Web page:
Academic journal article Public Relations Journal

A Full Plate: Consumer Concerns Challenge Food and Beverage Practitioners

Academic journal article Public Relations Journal

A Full Plate: Consumer Concerns Challenge Food and Beverage Practitioners

Article excerpt

People have to eat and drink to live. But what and how much? Practitioners must convey a credible, balanced perspective while addressing a spread of health and safety issues facing the industry.

Product tampering, such as the recent rash of hoaxes involving Pepsi-Cola, is only one of many issues that relate to foods and beverages. The issues list, which seems to grow daily, is a lengthy one. The entries include fat, cholesterol, salt, fiber, pesticides, supplements, labeling, spoilage, disease prevention, environmental damage, biotechnology, nutritional claims and alcoholism.

Therefore, food and beverage public relations practitioners are finding more on their plates than ever before. Some items are new and unfamiliar--like "recombinant bovine somatotropin" (BST), a genetically engineered cow hormone. Some are terrifying--under-cooked hamburger that kills.

Of all the issues, the two that practitioners cite as consumers' greatest concerns are nutrition/health and safety. That focus consolidates but does not significantly shorten the list.

Consumers are eager for information about nutrition issues, but are confused by conflicting messages. Dairy products contain good-for-you-calcium but bad-for-you fat. Meat contains good-for-you iron and B vitamins, but bad-for-you cholesterol and fat. Butter is bad--but margarine could be worse! Not knowing whom to trust, consumers veer from confusion to skepticism to throwing up their hands in despair.

The consumers who do still care, however, seem to focus on the negative. "People today are more interested in what hurts than what helps," said Sara Clarke, vice president, public affairs, at the American Meat Institute in Arlington, VA. "They don't want to do things to make themselves healthier. They want to avoid things."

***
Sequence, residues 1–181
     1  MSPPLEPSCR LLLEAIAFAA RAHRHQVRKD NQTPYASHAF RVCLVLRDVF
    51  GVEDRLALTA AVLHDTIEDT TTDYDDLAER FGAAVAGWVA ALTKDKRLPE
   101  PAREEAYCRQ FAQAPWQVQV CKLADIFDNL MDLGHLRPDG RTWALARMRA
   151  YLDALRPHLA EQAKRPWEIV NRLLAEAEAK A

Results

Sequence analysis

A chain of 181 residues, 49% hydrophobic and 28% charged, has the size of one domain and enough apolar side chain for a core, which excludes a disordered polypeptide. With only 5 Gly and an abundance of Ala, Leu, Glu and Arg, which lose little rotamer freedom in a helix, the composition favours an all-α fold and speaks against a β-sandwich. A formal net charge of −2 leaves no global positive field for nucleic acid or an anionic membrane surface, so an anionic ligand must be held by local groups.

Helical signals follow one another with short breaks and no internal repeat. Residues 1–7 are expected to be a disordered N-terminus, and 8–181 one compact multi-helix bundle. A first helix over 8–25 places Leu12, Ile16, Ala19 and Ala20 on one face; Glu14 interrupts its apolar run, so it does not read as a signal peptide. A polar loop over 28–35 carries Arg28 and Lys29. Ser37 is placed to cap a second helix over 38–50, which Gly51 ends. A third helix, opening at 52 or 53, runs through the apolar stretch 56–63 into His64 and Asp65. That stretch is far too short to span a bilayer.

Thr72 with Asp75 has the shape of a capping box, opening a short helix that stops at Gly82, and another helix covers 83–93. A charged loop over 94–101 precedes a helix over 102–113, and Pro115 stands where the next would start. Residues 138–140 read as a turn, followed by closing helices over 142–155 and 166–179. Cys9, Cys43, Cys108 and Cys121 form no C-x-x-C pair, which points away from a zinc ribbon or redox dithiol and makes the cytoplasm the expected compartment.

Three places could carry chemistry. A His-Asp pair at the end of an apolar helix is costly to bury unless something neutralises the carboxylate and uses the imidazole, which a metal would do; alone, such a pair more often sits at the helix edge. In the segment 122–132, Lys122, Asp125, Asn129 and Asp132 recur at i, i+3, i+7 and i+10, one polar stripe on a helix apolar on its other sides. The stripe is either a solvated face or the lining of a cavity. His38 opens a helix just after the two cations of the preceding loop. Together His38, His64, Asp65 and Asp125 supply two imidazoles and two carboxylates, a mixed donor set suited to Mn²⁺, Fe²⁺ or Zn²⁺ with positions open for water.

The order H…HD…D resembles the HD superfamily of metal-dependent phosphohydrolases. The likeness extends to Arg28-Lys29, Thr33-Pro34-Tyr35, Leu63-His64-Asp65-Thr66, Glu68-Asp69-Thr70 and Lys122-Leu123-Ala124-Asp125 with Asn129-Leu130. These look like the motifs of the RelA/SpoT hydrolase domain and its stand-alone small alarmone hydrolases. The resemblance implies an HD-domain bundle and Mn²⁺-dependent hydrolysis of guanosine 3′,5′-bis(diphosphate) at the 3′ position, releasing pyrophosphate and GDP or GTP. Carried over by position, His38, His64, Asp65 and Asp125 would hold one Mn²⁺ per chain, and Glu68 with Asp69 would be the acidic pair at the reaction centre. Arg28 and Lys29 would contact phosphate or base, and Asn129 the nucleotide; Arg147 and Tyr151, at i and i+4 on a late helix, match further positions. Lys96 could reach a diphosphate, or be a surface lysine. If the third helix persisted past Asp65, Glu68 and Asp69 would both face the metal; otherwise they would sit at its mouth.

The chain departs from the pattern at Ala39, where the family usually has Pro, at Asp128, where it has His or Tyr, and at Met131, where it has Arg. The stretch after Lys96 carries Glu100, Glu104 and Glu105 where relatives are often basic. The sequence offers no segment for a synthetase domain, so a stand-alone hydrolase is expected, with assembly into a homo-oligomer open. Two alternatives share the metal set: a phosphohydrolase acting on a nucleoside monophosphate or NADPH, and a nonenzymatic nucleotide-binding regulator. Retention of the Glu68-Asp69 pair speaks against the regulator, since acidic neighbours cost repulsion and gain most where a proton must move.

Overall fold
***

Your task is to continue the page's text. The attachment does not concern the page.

To cope with the confusion, skepticism and negativism, practitioners must provide far more information than ever before. That information must be more scientific--and thus, presumably, more reliable. Yet it must also be clear and understandable. And above all, the source must be credible--untainted by vested interests.

Eggs, dairy products and meats all contend with good/bad messages. The egg, even though highly nutritious, has become a villain because of its cholesterol content. Worse, it can be portrayed as "high fat" because most of its calories come from fat, pointed out Patricia Londre, APR, president of The Londre Company in Los Angeles. To track consumer sentiment as well as dispel myths about eggs, the firm, which is counsel to the California Egg Commission, established a toll-free number in January that consumers and the media can call with questions about eggs. Information is provided by the egg industry and the U.S. Department of Agriculture (USDA). "We must communicate that you don't look at individual ingredients, but at the big picture--everything in moderation as part of a balanced diet," Londre advised.

To maintain interest in the hot line, the firm sends bimonthly media releases reporting the number of calls received and the most common questions. "Many of the things people want to know can be printed on an egg carton," she noted. "At the end of the year, we'll make recommendations |about these blurbs~ to the Egg Commission"

Londre was among the practitioners stressing the importance of providing classroom materials. "We must reach consumers at a young age and teach them the basics, because nutrition courses are being eliminated," she explained. "We did a focus group with teachers, and they said they must now incorporate nutrition messages into other subjects, like science. If we can develop teaching materials that show how the body reacts to foods--that's science."

Third parties add credibility

The fat content of dairy products is "an issue we're constantly up against," noted Brenda Beltram, director of communication for the American Dairy Association and Dairy Council (ADADC) in Cedar Knolls, NJ. …

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